While urging the government to take a cue from how developed countries prioritize the affairs of their military, he maintained that Nigerian soldiers lack the confidence to confront the terrorists because they are ill-equipped and not motivated to risk their lives for the nation.
"Military collaboration has not been proven but what I do know is that we need to make the soldiers feel that they are fighting a worthy cause. And that deals with military morale.
"An American soldier that goes missing, America will stop at nothing to rescue the person. Nigerian soldiers don't have that confidence.
"So, they easily drop their guns and they easily run away. So, it is very important that we work on the confidence of these soldiers".
"When a man puts his life on the line, he must be assured that anything that happens, his family will not suffer for it.
"So, that explains why the morality of the soldiers is so low that that the Al-Qaida forces are able to run them ragged.
"So, they must regroup to rethink their strategies, motivate the soldiers , encourage them, equip them with proper weapons, then these things we are talking about whether soldiers are collaborating with Boko Haram will diminish".
Also speaking on the offer of assistance by the Western world to assist Nigeria in the prosecution of the war, he said Nigerian soldiers should be allowed to fight the war while the foreign troops should assist with 'advanced intelligence footprints' .
"I support the introduction of international forces but to the extent that they won't bring them to fight on the ground".
While urging all Nigerians, including former Heads of State to come together and assist the government in fighting the war, he expressed disapproval on the blame game between the ruling Peoples Democratic Party (PDP) and the opposition All Progressives Congress (APC), saying such a sensitive serious issue should not be reduced to mere political matter aimed at scoring points.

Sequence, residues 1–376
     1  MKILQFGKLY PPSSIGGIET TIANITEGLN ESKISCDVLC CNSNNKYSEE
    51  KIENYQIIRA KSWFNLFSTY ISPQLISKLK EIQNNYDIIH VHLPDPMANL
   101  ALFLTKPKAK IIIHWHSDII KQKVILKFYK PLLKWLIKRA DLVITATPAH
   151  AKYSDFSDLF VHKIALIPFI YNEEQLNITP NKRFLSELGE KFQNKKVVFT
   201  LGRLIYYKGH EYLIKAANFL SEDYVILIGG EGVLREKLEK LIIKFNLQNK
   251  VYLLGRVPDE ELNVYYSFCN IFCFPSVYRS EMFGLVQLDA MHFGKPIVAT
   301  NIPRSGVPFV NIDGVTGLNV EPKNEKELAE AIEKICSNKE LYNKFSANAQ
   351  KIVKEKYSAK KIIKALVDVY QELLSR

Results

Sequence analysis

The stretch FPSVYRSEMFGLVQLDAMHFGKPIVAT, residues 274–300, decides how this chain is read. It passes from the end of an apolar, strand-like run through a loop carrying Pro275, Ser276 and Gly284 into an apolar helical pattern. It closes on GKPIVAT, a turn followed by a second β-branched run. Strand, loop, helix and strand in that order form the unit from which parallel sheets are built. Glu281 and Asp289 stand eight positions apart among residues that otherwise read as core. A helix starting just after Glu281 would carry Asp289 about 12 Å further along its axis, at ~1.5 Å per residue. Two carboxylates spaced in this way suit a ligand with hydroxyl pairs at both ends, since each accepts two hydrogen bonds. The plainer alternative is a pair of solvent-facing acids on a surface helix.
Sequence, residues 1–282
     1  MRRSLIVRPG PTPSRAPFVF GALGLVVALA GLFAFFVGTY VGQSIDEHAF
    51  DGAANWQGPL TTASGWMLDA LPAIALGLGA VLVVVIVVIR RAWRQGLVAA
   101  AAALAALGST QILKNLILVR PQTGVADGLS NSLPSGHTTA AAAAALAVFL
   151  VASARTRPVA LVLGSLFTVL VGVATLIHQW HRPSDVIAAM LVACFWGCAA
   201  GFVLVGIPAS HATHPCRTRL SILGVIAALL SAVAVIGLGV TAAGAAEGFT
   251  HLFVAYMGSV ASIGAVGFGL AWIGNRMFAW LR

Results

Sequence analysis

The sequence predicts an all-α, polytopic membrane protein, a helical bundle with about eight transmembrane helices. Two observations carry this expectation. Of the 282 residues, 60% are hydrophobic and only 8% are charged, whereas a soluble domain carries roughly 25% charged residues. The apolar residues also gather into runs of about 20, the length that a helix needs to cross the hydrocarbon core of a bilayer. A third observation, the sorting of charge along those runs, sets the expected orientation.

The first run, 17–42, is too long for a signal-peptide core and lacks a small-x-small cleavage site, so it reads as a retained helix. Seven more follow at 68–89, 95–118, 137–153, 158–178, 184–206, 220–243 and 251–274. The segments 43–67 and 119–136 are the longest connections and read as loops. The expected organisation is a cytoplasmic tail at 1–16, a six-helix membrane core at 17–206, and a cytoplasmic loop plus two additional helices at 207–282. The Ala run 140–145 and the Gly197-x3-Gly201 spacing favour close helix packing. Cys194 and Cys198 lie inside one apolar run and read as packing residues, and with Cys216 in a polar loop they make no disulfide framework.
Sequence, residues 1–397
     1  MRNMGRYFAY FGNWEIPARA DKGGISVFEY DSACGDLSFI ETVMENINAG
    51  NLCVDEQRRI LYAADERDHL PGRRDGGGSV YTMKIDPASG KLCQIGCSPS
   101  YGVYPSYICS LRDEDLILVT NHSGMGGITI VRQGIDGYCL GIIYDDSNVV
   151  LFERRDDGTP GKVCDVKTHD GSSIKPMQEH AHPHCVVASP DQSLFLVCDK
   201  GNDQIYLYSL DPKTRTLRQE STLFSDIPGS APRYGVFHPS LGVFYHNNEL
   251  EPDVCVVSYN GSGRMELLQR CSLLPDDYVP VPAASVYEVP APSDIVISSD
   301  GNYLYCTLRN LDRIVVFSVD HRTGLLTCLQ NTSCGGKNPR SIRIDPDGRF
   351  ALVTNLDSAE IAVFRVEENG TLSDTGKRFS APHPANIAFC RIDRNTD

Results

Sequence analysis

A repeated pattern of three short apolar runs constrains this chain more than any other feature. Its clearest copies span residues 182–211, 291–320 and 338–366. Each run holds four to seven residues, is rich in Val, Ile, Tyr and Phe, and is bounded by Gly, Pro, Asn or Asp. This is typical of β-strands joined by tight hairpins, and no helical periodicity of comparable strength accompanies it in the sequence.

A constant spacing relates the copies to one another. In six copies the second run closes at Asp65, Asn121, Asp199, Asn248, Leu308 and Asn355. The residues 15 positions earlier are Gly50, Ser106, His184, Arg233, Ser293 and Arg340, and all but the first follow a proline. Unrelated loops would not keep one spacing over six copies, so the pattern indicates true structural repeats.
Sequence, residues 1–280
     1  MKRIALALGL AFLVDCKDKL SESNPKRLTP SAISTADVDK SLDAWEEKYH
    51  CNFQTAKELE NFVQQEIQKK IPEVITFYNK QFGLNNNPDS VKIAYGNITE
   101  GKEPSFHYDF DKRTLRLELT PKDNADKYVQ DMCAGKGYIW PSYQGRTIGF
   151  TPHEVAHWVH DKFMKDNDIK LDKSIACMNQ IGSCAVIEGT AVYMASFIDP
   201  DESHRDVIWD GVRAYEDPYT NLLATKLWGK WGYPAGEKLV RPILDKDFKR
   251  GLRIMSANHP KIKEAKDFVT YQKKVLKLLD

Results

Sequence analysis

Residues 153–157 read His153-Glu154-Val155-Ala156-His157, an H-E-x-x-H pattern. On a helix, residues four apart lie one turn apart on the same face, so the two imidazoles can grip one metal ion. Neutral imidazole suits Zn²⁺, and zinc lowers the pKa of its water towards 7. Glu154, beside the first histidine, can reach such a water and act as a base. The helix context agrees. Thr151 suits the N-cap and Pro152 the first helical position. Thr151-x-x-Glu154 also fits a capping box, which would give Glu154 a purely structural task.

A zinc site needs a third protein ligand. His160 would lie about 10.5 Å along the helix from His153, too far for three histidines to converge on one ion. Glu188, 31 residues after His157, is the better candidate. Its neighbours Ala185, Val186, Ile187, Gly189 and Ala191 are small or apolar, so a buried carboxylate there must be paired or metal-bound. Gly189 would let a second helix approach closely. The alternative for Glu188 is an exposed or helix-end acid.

"I just think both the PDP and APC should just shut up and face the issue on ground squarely. They should desist from making it a political issue.
"We are not interested in blame game or buck passing. It is a very disgraceful thing that a serious issue like this will be reduced to partisan political matters.
"What is important is if you are a father or grandfather as I am, you will be very sympathetic to these children.
"The last thing we want now as a nation is the distraction of political parties calling themselves names.
"That is not the way to look for our votes. They should desist from interfering in a way that suggests that they are passing the blame.
"APC states are affected, so the governor of Borno is not providing the necessary information. That is absolutely nonsense.
"What we know is that Al-Qaeda is here and we need to have all Nigerians at all levels come together to make sure that these insurgents are defeated, terrorism is wiped out from our land and the peace and tranquility we enjoy in Nigeria is restored", he said.